My first post sure feels odd. I have never read other peoples blogs and even less ever considered myself of actual doing one. To be honest I have still not understood the concept of blogging. My common sense tells me: “who on earth would read other peoples opinions and world views? Isn’t that a completely a waste of time?”
On a second thought, reading other blogs i very similar to listening, which in my opinion is by far one of the most important ability and quality one can have. In other words, there is a strong reason for why we have only one mouth but have two ears. Likewise, there is a reason for why we have two eyes for reading (blogs) and only one mouth for speaking.
What also motivated and inspired me to start blogging is Seth Godin, the author of the fantastic book “Whatcha Gonna Do with That Duck?” that I warmly recommend for anybody to read. In this book, Seth Godin really provokes and challenges the status Que that we are living in, though often from a business perspective. Seth strongly encourages everybody to start blogging. I hit the bandwagon and here we are now.
We have two ears and one mouth so that we can listen twice as much as we speak
However, returning to the subject of listening. The other day I came across a TED video (Gosh, already the first TED reference in this blog) held by Celeste Headlee. In this roughly 12 minute video Celeste Headlee clearly comes to the conclusion that we people have lost our capacity to listen to others, and the main blame for this is that new technological advances provide us with instant information and facts that kills conversations or result in unhealthy arguments. Thus, “conversational competence is the single most overlooked skill failed to teach” in the 21st century, essentially this concerns the aspect of listening, which is a view that I fully support.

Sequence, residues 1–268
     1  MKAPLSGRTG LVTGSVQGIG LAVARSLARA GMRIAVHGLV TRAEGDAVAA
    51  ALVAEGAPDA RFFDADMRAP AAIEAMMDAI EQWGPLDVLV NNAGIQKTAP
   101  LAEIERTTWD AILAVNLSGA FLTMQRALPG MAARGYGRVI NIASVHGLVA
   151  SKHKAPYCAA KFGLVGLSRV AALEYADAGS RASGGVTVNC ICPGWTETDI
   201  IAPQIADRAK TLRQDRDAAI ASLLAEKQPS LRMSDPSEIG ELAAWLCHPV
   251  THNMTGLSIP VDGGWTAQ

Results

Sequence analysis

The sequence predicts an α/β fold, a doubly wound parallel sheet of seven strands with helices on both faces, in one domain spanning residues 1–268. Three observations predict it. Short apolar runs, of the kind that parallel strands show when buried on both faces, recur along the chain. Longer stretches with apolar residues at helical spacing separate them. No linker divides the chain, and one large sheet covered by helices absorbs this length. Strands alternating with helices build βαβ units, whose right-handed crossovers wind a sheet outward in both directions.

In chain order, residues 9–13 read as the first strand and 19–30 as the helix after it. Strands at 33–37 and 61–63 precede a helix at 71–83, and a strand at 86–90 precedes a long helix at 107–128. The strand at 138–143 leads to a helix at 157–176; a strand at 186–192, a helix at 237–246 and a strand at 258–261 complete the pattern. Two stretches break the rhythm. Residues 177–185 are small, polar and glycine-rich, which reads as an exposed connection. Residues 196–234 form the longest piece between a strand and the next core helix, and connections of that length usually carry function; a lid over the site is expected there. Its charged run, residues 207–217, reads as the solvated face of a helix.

We can all agree upon (hopefully) that the power of listening is an extremely valuable and important skill. However what actually is listening ? According to Wikipedia, listening can be defined as “a broad term to refer to complex affective, cognitive, and behavioral processes. Affective processes include the motivation to attend to others; cognitive processes include attending to, understanding, receiving, and interpreting content and relational messages; and behavioural processes include responding with verbal and nonverbal feedback”. Thus, listening is clearly about connecting with others. Ironically, although the internet “connects us” more than ever, the fact is that because of it we listen less than ever. This point illustrates well with the following quote (yes, I am well aware that quotes are cheesy, but I like them):
“Most people do not listen with the intent to understand; they listen with the intent to reply.”
― Stephen R. Covey
In my opinion, this quote by Stephen Covey reflects the reality as we see it. Nowadays listening is definitely not about understanding each other, instead it is about the intent of reply. This means that our focus of replying is actually “unconnecting” people – the opposite of listening – hence resulting in a more confusing, frustrating, and lonesome world. I believe that this phenomenon is very familiar for everyone and even the best of us falls victim for this at times.